4 pertaining to vessel size and flow is obtainable. The current source of choice of data from magnetic resonance imaging uses three-dimensional phase contrast angiographic methods to measure flow [platform: SGI
Workstation, IRIS 6.2 Varsity Package (Rapidapp, Open inventor, C++)]. On its own, the vessel size resolution of the MRI data is on the order of a half a millimeter.
The use of this data in the three-dimensional phase contrast magnetic resonance (MR) flow measurement system of the invention enhances the accuracy of the cross-section and flow measurements by three-dimensional localization and visualization of the vessels.
Turning now to image processing, AIM will now be discussed. For the interactive approach described herein to be effective, it must exploit the facility of humans to operate or communicate within the bounds of certain rules which govern the approach. As will become apparent, AIM is a selective attention-inspired interaction paradigm for the analysis of multimodal medical images (e.g., magnetic resonance angiography (MRA), magnetic resonance imaging (MRI), xenon computed tomography (XeCT), x-ray angiograms (XRA), etc.). In general, the AIM approach exploits the strengths of both humans and machines to overcome the others' weaknesses.
FIG. 1 is a block diagram of a cerebral modeling system 10, generally in accordance with an illustrated embodiment of the invention. The modeling system 10 generally includes a data source, 12, a central processing unit (CPU) 14, a display 18 and a keyboard 16. The data source 12 may one or more medical imaging systems (e.g., MRA, MRI, XeCT, XRA, etc.).

5 While many aspects of human attention are yet to be ascertained, the following is known: 1. Attention facilitates the direction of limited cognitive resources; 2. Spatial cues (or prompts) are effective in directing the attentional "spotlight" for recognition;
3. Central semantic cues at both the feature and object levels facilitate performance in visual attention tasks;
and 4. A model of what is in the attentional space of one's interlocutor is critical to maintaining effective communication.
AIM defines two interaction channels: a semantic context (what to look for) and a focus-of-attention FOA
(where to look). In an AIM system 10, the user selects the context from a menu (or a schematic diagram of the neurovascular system) and manipulates a FOA cursor (FOAC) through the data using a 2D or 3D pointing device. For example, FIG. 2 shows the human Circle of Willis 100, including, seventy-three blood vessels.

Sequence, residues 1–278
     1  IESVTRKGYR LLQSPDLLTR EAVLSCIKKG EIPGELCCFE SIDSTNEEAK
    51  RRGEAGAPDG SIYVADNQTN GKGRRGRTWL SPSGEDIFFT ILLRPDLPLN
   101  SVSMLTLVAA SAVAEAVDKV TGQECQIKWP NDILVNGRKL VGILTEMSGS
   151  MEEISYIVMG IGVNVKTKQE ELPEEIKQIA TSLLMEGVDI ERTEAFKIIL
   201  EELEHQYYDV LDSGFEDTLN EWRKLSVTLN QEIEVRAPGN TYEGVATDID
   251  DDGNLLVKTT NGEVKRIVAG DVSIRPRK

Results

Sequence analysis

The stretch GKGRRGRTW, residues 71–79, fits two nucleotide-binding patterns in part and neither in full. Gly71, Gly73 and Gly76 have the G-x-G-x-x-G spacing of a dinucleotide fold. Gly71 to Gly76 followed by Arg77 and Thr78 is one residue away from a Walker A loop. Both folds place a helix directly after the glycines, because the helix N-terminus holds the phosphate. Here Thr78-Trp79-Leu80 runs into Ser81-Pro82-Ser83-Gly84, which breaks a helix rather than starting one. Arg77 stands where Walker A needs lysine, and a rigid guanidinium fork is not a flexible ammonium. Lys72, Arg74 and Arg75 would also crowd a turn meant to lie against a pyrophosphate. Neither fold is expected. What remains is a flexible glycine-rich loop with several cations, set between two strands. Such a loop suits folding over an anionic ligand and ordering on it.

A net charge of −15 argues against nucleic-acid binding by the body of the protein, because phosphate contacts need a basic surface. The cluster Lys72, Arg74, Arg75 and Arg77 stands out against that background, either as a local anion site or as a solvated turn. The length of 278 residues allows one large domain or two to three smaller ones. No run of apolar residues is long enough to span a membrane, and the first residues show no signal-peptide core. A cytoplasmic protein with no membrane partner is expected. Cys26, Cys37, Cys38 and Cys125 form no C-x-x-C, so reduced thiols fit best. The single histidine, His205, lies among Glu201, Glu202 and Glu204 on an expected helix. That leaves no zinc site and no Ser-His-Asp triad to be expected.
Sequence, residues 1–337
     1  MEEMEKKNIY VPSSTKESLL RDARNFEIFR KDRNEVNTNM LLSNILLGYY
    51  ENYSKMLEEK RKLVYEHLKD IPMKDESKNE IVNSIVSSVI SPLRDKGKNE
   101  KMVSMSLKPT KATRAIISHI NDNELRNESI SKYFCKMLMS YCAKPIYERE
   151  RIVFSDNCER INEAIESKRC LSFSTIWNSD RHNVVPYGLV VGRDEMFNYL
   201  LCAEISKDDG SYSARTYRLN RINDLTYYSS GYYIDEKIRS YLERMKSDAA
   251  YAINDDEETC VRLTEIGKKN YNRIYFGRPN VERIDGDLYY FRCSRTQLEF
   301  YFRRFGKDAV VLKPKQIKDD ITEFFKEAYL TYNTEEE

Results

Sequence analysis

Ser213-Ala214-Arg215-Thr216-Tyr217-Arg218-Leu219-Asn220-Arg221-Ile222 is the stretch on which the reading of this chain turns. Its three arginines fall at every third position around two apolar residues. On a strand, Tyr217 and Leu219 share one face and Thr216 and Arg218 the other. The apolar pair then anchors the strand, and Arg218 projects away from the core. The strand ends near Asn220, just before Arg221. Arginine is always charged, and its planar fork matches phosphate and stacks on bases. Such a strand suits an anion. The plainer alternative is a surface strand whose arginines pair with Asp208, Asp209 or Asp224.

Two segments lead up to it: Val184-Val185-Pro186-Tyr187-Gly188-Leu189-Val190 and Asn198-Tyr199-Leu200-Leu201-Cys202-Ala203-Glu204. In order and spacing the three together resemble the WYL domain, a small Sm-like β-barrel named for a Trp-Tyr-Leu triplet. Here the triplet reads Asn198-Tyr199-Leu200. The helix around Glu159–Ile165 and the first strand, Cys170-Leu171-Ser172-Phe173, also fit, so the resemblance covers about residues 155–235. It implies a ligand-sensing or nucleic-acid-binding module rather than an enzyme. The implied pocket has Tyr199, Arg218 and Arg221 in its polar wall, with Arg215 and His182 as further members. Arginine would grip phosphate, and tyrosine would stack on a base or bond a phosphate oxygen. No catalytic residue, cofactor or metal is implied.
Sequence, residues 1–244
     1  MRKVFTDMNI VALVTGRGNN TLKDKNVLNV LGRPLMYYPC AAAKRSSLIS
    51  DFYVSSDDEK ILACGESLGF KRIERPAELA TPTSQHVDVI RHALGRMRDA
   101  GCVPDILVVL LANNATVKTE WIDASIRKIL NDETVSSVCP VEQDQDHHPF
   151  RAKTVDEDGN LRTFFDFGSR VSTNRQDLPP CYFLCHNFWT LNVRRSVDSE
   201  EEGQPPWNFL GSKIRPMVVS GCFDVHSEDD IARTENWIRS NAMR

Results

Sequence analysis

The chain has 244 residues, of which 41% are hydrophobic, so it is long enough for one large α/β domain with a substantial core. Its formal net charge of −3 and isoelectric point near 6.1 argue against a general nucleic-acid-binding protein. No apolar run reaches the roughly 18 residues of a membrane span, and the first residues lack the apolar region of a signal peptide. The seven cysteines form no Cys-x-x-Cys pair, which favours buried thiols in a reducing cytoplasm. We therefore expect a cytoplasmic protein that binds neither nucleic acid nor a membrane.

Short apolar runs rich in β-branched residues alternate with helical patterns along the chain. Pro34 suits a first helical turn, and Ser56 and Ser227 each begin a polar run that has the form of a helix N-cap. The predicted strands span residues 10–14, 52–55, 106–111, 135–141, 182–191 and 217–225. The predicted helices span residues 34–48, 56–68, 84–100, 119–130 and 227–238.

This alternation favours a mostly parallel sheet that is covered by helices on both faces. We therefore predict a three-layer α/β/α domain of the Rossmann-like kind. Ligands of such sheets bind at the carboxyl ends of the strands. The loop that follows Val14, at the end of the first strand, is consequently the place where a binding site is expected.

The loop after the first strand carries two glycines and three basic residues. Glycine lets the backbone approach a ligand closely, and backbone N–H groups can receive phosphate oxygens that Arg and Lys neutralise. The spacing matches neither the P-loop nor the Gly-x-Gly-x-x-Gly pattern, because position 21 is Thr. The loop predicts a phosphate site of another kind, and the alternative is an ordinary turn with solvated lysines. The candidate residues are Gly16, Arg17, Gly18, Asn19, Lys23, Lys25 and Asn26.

Selection of one of the vessels provides the system 10 with a context of what to look for.
FIG. 3 shows an interactive screen 152 that may be presented on the display 18 of the system 10. The Circle of Willis 100 of FIG. 2 may be displayed as a graphical context representation in a box 152 of the screen 150. An operator (not shown) of the system 10 may select a vessel (e.g., 102) using the cursor 162.
Once a context has been selected in the first box 152, the operator may show the CPU 16 where to look for the vessel in the image work area 154. The operator may identify the vessel 102 by placing the FOAC (i.e., the smart cursor 162) over the vessel and activating an ENTER button.

6 The AIMS processes the data in the region of the FOAC to locate and highlight entities matching the selected context in real-time as the cursor moves. When the correct entity is highlighted in the work area 154, the user acknowledges this and the system extends the dialog by tracing the entity (e.g., the highlighted vessel), all the while providing feedback via animated highlighting. The system may trace the entity by looking for high contrast areas between adjacent pixels or groups of pixels of the image. The high contrast areas may be used to identify boundary areas between vessels and surrounding tissue. Where the vessel is identified to the system by the operator, the system identifies the vessel within the FOAC and begins processing adjacent areas to trace the contrasted areas in three-dimensional space using the continuity of the contrasted area of a path to other parts (e.g., the respective ends) of the vessel.
Using the contrast, the system not only traces the vessel, but also measures a diameter of the vessel. The system identifies the outer wall of the vessel by seeking the area of the greatest rate of change in contrast. A measurement may then be taken of the distance between opposing sides of the vessel.
Since the system knows what it is looking for, the problem becomes one of detection of a specific entity.
Hence, very specifically tuned detectors may be used.
it is not critical if the detector highlights the wrong entity because the user can retarget the detector by simply moving the pointing device.
AIM defines an abstraction hierarchy of contexts.
A context may vary in abstraction from full scene

7 interpretation through object level, feature level and point level contexts. In the domain of neurovascular tree, an object level context may be a segment of the carotid artery, a feature level context may be arterial boundary model, and in the point level context, a user may trace the boundary points of a vessel by hand. This provides robustness for the system for our mission-critical task in the process of patient care. For neurovascular image interpretation, this guarantees the ability to obtain the necessary vessel extraction and measurement even if the higher-level recognition algorithms fail (e.g., owing to patient pathology or data quality).